By Gary Schnitkey, Jonathan Coppess
This article discusses four key elements to consider when choosing between Agricultural Risk Coverage at the County Level (ARC-CO) and Price Loss Coverage (PLC): 1) expected payments, 2) type of coverage, 3) payment limits, and 4) SCO availability. A detailed description of ARC-CO is available in a September 17th farmdoc daily article and PLC in a September 24th farmdoc daily article. Future articles will discuss ARC at the individual coverage level.
Commodity Title Choices
Farmers and landowners can choose between three commodity title alternatives under the 2018 Farm Bill:
- Agricultural Risk Coverage at the County Level (ARC-CO) makes a payment when county revenue is below an ARC-CO guarantee. More detail on ARC-CO is given in a September 17th farmdoc daily article.
- Price Loss Coverage (PLC) makes a payment when the market year average (MYA) price is below the effective reference price. More detail on PLC is given in a September 24, 2019 farmdoc daily article.
- Agriculture Risk Coverage at the Individual Level (ARC-IC) makes a payment when a farm’s revenue is below the ARC-IC guarantee.
- In this article, we focus on the decision between ARC-CO and PLC. ARC-IC is not considered. To make an ARC-IC decision, first choosing between ARC-CO and PLC allows a more straightforward comparison to ARC-IC. Moreover, ARC-IC likely will not be chosen by many farmers and land owners. ARC-IC makes payments on 65% of base acres compared to 85% for PLC and ARC-CO. The 20% reduction in base acres cause ARC-IC to be less attractive to most situations, particularly in the Midwest. Future articles will deal with the ARC-IC decision.
Elements of the Decision
The following points are important when considering the ARC-CO and PLC decision:
- Decisions by FSA farm: Commodity title decisions will be made on a Farm Service Agency (FSA) farm number basis. Decisions can differ across FSA farms.
- Decisions by Crop: Each FSA farm will have base acres associated with program crops. PLC and ARC-CO decisions can differ across crops. For example, a farm may have 60 base acres in corn and 40 base acres in soybeans. ARC-CO could be chosen for corn and PLC for soybeans, or vice versa. The decision can differ between the two base crops.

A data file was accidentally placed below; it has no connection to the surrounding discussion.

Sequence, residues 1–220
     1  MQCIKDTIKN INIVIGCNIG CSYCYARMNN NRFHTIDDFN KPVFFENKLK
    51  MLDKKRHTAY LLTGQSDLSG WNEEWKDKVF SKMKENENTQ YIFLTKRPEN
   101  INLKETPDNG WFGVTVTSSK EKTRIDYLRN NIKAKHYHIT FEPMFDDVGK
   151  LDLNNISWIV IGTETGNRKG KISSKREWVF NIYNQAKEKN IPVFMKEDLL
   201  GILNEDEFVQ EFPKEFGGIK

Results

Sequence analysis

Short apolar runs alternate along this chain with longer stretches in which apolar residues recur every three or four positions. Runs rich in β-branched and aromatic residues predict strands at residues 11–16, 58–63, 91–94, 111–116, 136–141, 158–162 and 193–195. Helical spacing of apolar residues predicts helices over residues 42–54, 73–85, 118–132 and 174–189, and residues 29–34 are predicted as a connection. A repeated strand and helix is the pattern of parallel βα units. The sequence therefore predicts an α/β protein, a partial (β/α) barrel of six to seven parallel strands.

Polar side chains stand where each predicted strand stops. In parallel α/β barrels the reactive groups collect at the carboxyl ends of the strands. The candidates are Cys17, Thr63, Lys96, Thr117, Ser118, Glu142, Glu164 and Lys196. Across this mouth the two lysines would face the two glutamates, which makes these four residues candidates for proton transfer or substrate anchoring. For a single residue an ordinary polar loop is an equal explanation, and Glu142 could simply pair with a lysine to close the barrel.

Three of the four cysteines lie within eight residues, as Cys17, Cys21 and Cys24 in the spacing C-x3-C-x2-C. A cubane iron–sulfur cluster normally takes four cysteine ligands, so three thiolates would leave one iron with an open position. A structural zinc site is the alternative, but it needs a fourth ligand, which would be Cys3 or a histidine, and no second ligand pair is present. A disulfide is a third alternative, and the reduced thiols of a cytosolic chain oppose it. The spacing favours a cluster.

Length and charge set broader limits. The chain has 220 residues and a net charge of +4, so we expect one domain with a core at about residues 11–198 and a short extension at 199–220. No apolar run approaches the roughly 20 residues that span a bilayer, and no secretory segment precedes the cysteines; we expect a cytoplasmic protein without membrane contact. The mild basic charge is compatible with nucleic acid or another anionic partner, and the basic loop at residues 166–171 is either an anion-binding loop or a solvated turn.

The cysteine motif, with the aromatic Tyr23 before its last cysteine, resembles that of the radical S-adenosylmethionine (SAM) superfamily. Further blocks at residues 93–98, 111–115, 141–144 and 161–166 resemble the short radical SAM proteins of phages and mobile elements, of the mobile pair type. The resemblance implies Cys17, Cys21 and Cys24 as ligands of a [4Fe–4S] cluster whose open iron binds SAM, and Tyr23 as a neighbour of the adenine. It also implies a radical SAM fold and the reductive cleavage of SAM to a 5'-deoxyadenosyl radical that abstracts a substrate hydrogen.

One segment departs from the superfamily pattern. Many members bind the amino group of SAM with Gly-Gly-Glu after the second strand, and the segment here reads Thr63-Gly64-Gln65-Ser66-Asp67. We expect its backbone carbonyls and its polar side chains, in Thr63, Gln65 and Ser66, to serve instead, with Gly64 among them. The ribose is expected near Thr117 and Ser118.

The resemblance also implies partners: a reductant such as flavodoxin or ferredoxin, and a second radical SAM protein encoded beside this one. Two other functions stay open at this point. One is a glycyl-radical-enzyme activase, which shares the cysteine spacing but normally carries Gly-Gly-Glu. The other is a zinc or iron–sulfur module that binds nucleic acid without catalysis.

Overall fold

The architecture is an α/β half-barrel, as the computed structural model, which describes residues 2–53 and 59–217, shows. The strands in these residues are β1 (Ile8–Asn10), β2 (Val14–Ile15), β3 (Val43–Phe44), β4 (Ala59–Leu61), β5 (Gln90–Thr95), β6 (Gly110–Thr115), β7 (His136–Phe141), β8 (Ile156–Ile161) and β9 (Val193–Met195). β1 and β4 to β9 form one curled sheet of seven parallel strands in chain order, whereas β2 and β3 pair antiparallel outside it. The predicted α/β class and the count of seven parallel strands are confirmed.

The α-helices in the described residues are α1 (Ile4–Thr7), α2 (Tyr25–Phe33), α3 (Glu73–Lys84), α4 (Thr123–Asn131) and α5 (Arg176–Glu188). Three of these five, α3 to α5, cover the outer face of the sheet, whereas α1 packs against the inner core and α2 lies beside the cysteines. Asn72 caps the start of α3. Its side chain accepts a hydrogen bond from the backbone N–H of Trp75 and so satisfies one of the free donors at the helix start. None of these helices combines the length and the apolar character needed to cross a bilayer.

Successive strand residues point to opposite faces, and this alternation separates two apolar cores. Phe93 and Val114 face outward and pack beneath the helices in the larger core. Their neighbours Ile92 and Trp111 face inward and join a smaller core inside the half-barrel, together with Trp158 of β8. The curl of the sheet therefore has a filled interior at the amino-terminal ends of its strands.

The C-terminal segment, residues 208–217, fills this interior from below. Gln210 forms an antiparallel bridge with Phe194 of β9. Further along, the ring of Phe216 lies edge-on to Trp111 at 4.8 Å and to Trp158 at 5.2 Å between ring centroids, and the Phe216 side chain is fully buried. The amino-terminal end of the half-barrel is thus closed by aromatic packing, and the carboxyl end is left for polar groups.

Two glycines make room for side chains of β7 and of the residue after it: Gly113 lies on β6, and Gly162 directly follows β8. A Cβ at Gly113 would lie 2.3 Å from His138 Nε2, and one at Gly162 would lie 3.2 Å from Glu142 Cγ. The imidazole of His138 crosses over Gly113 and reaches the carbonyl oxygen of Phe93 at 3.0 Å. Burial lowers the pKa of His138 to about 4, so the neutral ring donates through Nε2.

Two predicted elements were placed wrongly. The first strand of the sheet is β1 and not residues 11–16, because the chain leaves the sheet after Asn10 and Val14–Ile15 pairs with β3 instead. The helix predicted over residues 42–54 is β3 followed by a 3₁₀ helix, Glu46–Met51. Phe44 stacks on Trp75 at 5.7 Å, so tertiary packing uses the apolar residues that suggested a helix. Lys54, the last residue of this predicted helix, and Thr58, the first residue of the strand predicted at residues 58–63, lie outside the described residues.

- Base Acres Will Not Change: Base acres in crops cannot be changed under the enrollment options offered by the 2018 Farm Bill (no updates or reallocations). The current base acres assigned to a farm will exist throughout the life of the 2018 Farm Bill.
- Payments on Base Acres: ARC-CO/PLC payments will be paid on base acres, not planted acres. Plantings during a year will not influence payments.
- Initial Decision for 2019 and 2020 Program Years: The initial decisions will be made for the 2019 and 2020 program year. The deadline for these decisions is March 15, 2020. After that, program decisions can be made every year for the 2021, 2022, and 2023 program years.
- Yields and Prices on FSA Farms Do Not Matter: Only county yields and MYA prices influence ARC-CO payments. Only MYA prices influence PLC payments.
- Payment Limits: There is a $125,000 limit per payment entity on payments from the commodity title. This is a yearly limit and applies to all payments from the programs (ARC and PLC) but not to those from the marketing assistance loan program.
Considerations in the PLC/ARC-CO Choice
Four considerations are important when making the choices between PLC and ARC-CO (see Table 1).
Expected Returns: The first is expected returns from the alternative programs. More than likely, preference will be given to the alternative with the highest expected payments. More on these expected returns will be covered in the following section.
Coverage Type: The second consideration is the coverage offered. ARC-CO provides protection for county revenue in a band from 86% of benchmark revenue to 76% of benchmark revenue. As yields enter into the calculation of revenue, ARC-CO will provide yield protection. PLC offers only price protection. It will make payments when MYA price is below the effective reference price. Farmers seeking revenue protection likely will prefer ARC-CO while farmers seeking price protection will prefer PLC.